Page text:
Comment » | Brand, East Anglia, Fun, Social, tourism
June 11th, 2013 — 9:28am
“Wind farms may be stopped by locals”
“End of hated wind farms that ruin our countryside amid growing backlash over green energy”
“Locals to get veto power over wind farms”
“New planning guidance will make it harder to build wind farms”
From these headlines, which featured in last week’s national press, you’d think that the Department for Energy and Climate Change’s latest announcements spelt a death knell for the onshore wind industry. In fact, the messages coming from their response to the recent call for evidence on onshore wind are largely positive, for the industry and communities, aiming to improve the engagement process and empower communities to get involved and make informed decisions.
In summary, the key messages are:
- Community consultation becomes compulsory (currently only for 50MW+), with published guidance by DECC to help developers and communities
- A community engagement register will be established to enable transparency of practice
- An increase in recommended community benefit contributions from £1,000 per MW to £5,000 per MW
- An evidence toolkit produced by Government and its partners to provide up-to-date, robust and accessible evidence on the impacts of onshore wind schemes
In a nutshell, communities will know what to expect from the consultation process and they will be able to reap greater rewards in the form of of funding for community energy initiatives, educational schemes or local facilities.
Spring already advocates early, open engagement with local communities; developing project-specific strategies that take into account who we need to engage with, how best to do so and when is the right time. And we always bear scrutiny in mind, making sure our strategies are robust and not tick-the-box. DECC’s announcement will only reinforce our approach.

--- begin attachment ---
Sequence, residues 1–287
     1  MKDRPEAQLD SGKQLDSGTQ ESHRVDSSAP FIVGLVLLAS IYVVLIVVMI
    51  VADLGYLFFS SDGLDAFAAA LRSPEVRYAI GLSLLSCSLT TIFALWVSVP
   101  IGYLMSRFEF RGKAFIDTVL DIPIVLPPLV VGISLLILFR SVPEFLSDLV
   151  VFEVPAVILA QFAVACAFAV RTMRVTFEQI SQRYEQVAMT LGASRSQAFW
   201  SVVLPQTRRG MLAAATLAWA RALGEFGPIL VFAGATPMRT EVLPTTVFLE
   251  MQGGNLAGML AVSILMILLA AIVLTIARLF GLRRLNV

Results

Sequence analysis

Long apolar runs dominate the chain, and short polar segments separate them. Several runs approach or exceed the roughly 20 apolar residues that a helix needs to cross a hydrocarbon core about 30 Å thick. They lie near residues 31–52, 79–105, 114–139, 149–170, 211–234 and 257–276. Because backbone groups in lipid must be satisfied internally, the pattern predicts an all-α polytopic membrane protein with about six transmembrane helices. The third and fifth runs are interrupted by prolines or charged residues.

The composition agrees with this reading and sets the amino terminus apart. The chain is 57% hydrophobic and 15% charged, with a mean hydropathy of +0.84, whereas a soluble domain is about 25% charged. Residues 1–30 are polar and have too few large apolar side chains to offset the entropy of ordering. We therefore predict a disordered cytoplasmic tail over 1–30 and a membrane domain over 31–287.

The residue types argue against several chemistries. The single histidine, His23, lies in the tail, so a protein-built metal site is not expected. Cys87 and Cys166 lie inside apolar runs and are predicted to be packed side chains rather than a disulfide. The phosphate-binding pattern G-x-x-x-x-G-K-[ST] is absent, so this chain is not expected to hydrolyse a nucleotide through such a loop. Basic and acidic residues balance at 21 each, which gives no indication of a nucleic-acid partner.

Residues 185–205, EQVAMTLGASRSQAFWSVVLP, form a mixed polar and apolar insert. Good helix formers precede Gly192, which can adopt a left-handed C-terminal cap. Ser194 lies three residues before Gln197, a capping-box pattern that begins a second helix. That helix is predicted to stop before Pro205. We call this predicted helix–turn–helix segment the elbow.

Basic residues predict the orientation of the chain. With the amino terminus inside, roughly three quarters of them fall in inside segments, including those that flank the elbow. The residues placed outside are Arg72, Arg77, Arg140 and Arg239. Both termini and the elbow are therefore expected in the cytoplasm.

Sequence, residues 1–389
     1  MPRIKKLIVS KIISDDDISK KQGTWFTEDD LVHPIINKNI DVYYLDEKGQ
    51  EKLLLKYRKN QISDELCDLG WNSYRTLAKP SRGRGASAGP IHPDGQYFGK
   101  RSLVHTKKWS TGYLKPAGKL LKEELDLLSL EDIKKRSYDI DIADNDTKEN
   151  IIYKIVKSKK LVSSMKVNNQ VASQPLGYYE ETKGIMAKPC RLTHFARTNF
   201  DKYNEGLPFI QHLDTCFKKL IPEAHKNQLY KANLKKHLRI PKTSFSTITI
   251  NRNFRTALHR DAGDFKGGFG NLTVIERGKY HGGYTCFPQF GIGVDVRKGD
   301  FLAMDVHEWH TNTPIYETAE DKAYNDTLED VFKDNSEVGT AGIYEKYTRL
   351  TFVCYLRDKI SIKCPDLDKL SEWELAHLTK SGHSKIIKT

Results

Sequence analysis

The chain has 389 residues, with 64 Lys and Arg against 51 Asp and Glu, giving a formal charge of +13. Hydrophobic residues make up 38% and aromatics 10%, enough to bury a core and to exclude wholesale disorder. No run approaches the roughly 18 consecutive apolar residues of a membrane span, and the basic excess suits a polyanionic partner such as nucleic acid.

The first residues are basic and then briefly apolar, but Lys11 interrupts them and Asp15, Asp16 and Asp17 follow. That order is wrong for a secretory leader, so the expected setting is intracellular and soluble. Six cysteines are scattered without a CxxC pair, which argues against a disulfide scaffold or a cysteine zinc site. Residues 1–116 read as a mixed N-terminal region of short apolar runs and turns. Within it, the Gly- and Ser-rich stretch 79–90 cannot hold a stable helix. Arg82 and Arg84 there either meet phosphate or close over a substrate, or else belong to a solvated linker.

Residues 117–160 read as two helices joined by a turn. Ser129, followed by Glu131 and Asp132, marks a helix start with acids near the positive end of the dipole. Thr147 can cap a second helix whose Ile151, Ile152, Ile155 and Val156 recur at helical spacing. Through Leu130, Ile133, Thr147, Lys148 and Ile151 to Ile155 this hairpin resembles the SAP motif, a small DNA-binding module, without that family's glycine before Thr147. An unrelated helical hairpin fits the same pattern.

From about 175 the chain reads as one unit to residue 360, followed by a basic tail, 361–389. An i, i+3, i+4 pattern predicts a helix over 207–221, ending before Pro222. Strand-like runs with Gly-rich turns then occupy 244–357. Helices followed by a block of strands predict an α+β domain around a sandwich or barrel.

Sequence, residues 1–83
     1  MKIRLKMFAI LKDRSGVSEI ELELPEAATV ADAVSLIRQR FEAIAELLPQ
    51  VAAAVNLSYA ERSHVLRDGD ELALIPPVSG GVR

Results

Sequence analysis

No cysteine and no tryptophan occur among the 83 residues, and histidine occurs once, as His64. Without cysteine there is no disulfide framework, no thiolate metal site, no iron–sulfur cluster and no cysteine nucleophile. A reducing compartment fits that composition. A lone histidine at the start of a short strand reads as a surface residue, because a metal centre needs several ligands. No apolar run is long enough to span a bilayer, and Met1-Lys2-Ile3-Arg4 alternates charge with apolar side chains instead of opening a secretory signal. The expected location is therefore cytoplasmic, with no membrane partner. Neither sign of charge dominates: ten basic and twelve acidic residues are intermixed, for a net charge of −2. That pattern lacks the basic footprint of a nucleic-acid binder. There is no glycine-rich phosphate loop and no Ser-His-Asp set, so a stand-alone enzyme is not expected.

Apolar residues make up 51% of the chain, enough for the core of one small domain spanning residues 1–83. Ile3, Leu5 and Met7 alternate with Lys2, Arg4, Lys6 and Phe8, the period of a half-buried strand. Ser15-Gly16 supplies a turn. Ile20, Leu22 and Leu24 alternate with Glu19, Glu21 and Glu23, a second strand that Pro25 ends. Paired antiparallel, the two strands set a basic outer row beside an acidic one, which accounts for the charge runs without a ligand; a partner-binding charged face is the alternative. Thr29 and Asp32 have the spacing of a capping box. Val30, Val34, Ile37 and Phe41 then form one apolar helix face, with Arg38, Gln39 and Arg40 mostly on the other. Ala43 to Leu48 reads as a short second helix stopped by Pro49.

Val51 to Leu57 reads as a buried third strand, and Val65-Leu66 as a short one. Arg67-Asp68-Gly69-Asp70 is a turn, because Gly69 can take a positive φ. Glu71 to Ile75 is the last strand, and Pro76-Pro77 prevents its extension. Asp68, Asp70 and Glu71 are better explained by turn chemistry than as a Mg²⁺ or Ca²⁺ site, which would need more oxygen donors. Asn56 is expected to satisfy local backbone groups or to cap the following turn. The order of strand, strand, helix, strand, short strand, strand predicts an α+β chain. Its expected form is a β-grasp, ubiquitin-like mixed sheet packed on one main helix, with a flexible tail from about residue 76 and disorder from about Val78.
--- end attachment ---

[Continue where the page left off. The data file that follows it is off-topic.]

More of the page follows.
The guidelines on community engagement, which are to be published early next year, will help manage the expectations of our clients, our communities and ourselves. A register will cast clarity on what is and isn’t good practice, shining a light on good examples and ‘exposing’ the not-so-good.
The evidence toolkit will set a national standard for the facts and figures we use to help communicate the potential impacts of wind energy schemes to our stakeholders; removing any concern of bias.
It is unsurprising yet disappointing that the tabloids translated this as giving overriding power to communities who do not want wind turbines near to them. This is certainly not the case. These changes should provide clarity to an often-complex pre-application consultation process for both sides of the debate. And where turbines are built, host communities can see direct benefits.
We look forward to continuing to help our clients run effective consultations that establish trust and genuinely engage with local communities. But we won’t hold our breath for a major change in angle from the red tops!
Comment » | Community Engagement, Press, Social
April 19th, 2013 — 4:07pm
St Elizabeth Hospice is a leading local charity which is dedicated to helping people live with progressive illnesses. In summer 2011 they expanded their service area to include Waveney and Great Yarmouth and called Spring in to help them tell the community about their services. After a successful launch, St Elizabeth Hospice came to Spring again a year later to create a ‘reminder’ campaign to keep them in the public’s mind.